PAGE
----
In a speech that quickly went viral, Tottenham MP David Lammy offered a stinging critique of the British Government’s treatment of the ‘Windrush generation’ during Parliamentary debate in late April 2018. Citing the names of his constituents who had come to Britain from the Caribbean with imperial birthrights to the protections and privileges of full citizenship guaranteed by the British Nationality Act of 1948, Lammy condemned the Government’s ‘hostile environment’ policies towards ‘illegal’ immigrants. He insisted that they effectively served as a pretext to create a cloud of suspicion and initiate a process of criminalization that has been used to deny public benefits, employment and the permanent right to remain in the country.
Lammy argued that the headline-making ‘crisis’ of citizenship affecting the ‘Windrush generation’ was more than series of heart-wrenching media stories documenting the impact of a racialized anti-immigrant political climate that preceded Brexit. Moreover, he suggested that addressing this national “disgrace” required acknowledging that it had occurred “because of a refusal to remember our history.” He urged, “We need to remember our history at this moment.”
But what histories can we actually recall within the popular memories associated with the Windrush narrative? What aspects of British history are extolled, and which facets remain illegible in popular renditions of the Windrush narrative? Perhaps more importantly, how does the very notion of a ‘Windrush generation’ obscure possibilities for erecting a usable past which could be mobilized to shore up the political claims to citizenship that are being systematically nullified under the guise of policing borders? Tackling these questions requires consideration of the political import of the Windrush narrative in popular memory.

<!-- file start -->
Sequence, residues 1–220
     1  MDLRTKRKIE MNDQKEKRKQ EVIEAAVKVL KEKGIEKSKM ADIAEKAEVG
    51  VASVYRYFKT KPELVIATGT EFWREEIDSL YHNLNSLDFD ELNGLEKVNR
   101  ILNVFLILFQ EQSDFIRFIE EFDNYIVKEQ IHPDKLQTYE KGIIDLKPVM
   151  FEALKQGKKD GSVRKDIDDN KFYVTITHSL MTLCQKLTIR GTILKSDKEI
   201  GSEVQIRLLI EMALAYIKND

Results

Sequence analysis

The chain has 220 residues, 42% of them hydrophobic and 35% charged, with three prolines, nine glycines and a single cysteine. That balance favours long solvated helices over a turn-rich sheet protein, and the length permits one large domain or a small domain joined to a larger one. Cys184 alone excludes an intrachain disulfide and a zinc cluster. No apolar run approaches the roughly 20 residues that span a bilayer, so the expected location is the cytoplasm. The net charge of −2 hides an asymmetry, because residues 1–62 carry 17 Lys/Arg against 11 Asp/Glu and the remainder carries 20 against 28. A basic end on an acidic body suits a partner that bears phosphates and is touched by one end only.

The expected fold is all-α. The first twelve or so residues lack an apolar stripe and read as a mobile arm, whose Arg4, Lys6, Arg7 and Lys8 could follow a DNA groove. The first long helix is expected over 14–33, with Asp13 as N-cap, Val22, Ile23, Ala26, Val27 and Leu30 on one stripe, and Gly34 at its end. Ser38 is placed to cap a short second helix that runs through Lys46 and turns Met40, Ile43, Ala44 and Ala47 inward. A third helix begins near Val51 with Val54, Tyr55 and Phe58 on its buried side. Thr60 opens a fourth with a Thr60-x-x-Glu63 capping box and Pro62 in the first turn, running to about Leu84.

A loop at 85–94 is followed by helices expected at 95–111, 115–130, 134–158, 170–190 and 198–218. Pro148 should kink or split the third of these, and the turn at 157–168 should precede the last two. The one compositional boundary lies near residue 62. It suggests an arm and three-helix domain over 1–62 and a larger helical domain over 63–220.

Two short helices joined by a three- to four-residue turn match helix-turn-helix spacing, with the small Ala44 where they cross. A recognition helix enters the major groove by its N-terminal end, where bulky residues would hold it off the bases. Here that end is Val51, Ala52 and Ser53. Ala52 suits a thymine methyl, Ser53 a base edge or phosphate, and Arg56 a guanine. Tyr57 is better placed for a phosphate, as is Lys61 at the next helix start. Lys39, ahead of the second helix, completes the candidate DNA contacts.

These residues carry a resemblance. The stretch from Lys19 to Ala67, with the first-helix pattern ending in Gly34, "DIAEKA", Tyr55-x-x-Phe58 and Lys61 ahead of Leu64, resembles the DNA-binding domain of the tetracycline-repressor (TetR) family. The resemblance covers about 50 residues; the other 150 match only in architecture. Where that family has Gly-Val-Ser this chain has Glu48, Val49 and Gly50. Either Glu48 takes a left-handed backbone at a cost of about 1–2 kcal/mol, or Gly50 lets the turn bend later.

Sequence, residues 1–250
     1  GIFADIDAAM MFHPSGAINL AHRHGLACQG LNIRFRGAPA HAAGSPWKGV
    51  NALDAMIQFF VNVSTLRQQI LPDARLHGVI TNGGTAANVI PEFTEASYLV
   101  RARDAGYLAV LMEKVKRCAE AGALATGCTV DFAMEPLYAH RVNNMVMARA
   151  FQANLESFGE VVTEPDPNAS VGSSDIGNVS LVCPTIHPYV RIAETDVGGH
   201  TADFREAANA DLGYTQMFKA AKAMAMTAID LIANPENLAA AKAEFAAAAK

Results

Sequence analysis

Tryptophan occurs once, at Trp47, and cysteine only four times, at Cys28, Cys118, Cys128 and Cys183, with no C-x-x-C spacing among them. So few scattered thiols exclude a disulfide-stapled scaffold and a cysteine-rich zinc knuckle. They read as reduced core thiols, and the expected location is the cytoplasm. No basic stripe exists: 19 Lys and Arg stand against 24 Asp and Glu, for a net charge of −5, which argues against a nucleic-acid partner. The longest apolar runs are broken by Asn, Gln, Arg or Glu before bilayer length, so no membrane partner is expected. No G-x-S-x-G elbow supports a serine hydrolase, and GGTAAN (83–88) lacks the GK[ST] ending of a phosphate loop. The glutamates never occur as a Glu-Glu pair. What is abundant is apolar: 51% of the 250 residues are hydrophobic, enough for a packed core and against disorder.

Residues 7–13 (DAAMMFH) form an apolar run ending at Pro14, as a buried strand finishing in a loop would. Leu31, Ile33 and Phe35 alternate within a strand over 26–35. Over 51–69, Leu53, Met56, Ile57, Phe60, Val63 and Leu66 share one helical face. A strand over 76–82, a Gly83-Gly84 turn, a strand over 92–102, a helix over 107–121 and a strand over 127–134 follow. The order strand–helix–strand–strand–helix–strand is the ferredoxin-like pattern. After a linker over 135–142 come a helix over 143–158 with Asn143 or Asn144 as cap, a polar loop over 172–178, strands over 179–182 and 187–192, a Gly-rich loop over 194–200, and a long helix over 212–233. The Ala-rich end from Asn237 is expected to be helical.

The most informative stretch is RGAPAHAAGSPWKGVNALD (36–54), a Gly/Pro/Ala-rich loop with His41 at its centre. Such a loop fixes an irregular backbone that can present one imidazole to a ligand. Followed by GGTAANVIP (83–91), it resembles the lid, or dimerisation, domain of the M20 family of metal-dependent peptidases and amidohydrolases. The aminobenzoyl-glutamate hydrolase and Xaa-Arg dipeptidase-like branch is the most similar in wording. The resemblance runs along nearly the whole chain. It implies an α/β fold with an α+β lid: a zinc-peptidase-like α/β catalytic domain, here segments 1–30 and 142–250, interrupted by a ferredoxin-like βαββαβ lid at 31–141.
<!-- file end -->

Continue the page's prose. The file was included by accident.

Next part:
While the Empire Windrush brought hundreds of Caribbean migrants to Britain in 1948 – along with Polish settlers and sojourners from various parts of the world – part of the durability of the arrival of this particular ship as a historic symbol can be attributed to the fact that Pathé news footage of this moment created an audiovisual media event. The newsreel told a story about hope-filled Caribbean newcomers who had served the British empire during World War II and were now coming to Britain “with good intent” in search of economic opportunities unavailable in the colonies. Over the course of the last three decades – beginning in part with local efforts including Lambeth Council’s 1988 publication of Forty Winters On, a collection of oral histories from Caribbean migrants – there have been concerted efforts to commemorate the arrival of Windrush passengers. At a national level, these endeavors included a three-part BBC documentary and companion book on the fiftieth anniversary of the Windrush arrivals in 1998, followed by the erection of Windrush Square in Brixton, and the inclusion of Windrush imagery in the opening ceremony of the 2012 Olympics. In 2018, Windrush Day (22 June) was established, a gesture interpreted by some as a token public relations move to deflect from the ongoing scandal over deportations. Collectively, these commemorative gestures have helped to cement a celebratory national narrative that heralds Windrush as an origin moment in the ‘irresistible rise of multi-racial Britain’ through the postwar migrations of Caribbean men and women longing to fully belong and contribute to British society.